In these verses it is not possible to restrict Christ's definition of "the Law or the Prophets" to the moral law alone for at least three reasons. The Old Covenant people did not so subdivide the law: so such a concept could not have been in his hearers' minds, (Bahnsen in fact provides a long series of citations from Jewish non-canonical writers to show that they held to the Law's eternity; the statements also show that this extended its least details: cf. TICE pp. 77-9). Given the ethical foundationalism of the Decalogue, none of its details can be described as "least". Christ's calling the disciples "the light of the world in vv. 14-16 transfers to the disciples a description that Scripture famously attributes to the Law as a whole in Ps. 119:105,130. (BTW, Christ's applying the light metaphor to the disciples rather than the Law, is what prompted his enemies' to think that he was out to destroy the Law.) Finally in v. 18 Christ extends the prohibition of change in the law down to its least letter and stroke.

    The words "until everything is accomplished" refer to the institution of the new covenant at the cross. For it was there that Christ "fulfilled" the law and the prophets in the sense of completing their "time in office" That "pleroo" the word used here and normally translated "fulfilled" did, on occasion mean "complete a time limited condition" is certain since it is used in this sense (translating "mala" Heb "fulfill) in the Septuagint translations of Gen. 25:24, 29:21.

    When Christ fulfills "the law or the prophets" he supersedes every stipulation of the Old Covenant by instituting the New Covenant at the cross. In doing so, he does not abolish the moral law with the ceremonials nor cause it to expire with the judicials and that for two reasons. First, the moral law was originally given to Adam in the garden and has been written upon all human hearts since that day. While it has been abolished as stipulations of the Sinai covenant now no longer in force, it still binds Jews due to their preexisting obligation to it as written non thier hearts, which God has not abolished. Second, an examination of the NT reveals that all the decalogue was carried over into the New Covenant as its fundamental moral axioms: for all ten commands are explicitly or implicitly stated as required.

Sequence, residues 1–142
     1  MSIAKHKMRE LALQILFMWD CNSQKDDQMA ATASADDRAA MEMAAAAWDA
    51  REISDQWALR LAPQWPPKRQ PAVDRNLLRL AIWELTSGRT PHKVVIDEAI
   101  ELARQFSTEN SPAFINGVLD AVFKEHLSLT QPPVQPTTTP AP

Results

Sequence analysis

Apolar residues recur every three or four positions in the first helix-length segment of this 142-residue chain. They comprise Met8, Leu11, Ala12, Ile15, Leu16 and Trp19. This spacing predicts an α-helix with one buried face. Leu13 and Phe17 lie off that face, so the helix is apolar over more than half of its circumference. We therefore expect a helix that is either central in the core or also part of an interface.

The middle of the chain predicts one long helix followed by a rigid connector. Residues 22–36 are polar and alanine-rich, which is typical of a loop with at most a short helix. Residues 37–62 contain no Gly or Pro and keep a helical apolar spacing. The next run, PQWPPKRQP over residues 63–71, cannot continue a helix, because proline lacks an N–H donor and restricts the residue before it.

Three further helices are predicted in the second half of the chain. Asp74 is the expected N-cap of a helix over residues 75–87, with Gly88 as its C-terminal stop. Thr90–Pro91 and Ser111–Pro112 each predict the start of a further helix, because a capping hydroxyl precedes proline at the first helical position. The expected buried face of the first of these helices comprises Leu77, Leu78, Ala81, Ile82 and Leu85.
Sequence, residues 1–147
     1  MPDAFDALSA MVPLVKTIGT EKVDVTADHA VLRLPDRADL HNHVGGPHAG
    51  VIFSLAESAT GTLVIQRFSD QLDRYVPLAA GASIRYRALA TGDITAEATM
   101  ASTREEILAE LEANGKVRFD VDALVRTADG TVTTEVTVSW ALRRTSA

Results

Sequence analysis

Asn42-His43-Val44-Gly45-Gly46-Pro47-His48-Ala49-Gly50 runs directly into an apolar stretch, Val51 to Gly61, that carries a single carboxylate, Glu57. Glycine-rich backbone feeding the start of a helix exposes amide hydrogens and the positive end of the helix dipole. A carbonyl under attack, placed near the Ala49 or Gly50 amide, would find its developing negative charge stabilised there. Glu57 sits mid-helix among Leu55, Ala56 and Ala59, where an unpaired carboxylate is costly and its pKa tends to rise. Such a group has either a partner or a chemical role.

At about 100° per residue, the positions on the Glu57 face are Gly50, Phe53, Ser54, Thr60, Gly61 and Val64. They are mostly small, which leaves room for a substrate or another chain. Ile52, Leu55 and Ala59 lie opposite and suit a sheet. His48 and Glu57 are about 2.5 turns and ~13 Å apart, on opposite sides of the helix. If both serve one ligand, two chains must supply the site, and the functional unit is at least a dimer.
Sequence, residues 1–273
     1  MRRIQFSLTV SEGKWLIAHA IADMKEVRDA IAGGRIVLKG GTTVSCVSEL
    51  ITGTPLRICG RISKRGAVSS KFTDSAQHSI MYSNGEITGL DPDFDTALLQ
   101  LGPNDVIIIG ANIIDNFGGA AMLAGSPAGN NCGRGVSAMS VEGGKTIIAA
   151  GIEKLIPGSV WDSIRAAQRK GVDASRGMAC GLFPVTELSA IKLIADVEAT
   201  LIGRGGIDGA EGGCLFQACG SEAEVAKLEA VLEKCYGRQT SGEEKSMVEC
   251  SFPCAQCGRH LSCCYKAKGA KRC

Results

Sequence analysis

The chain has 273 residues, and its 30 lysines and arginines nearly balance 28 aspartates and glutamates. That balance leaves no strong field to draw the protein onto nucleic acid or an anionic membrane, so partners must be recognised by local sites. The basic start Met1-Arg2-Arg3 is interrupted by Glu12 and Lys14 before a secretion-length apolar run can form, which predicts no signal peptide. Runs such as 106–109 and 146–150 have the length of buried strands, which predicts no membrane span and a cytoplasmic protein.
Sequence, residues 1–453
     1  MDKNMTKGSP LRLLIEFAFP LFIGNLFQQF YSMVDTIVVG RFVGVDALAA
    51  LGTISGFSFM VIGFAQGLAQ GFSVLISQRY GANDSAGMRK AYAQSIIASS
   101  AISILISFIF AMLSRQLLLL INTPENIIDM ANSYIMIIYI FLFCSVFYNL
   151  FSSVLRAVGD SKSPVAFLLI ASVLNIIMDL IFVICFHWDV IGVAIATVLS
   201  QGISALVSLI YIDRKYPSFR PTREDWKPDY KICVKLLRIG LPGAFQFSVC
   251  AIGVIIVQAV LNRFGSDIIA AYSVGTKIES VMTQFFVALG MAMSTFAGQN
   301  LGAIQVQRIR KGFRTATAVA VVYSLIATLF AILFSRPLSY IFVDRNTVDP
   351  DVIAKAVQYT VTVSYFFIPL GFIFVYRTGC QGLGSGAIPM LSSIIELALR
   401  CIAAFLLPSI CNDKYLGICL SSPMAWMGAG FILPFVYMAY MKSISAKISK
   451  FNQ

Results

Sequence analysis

On the other hand there is no clear example Scripture where the Hebrew mala or the Greek pleroo "fulfill" ever took the sense of confirm. (2 Kings 1:14 is not really a good example to the contrary since the context makes it clear that Nathan intended to self-conscously "complete" Bathsheba's account by adding to her account a couple of additional names of those not on Adonijah's guest list.

    Athough Bahnsen provides a list of other possible examples from both testments where the word pleroo might mean "confirm" in each example he fails to prove his case since other known translations of pleroo are an equal or better fit.
    In Christ's love and service,

    Mr. Tim Cunningham,
    Diploma in Christian Studies, Regent College, Vancouver
    Author: How Firm a Foundation? An Exegetical and Historical Critique of the "Ethical Perspective of [Christian] Reconstructionism"
    Presented in Theonomy in Christian Ethics
    , Wipf & Stock, 2012.
    Bachelor of Music, (Trombone Performance), University of Toronto
    Member, First Baptist Church, Vancouver, BC
    ------------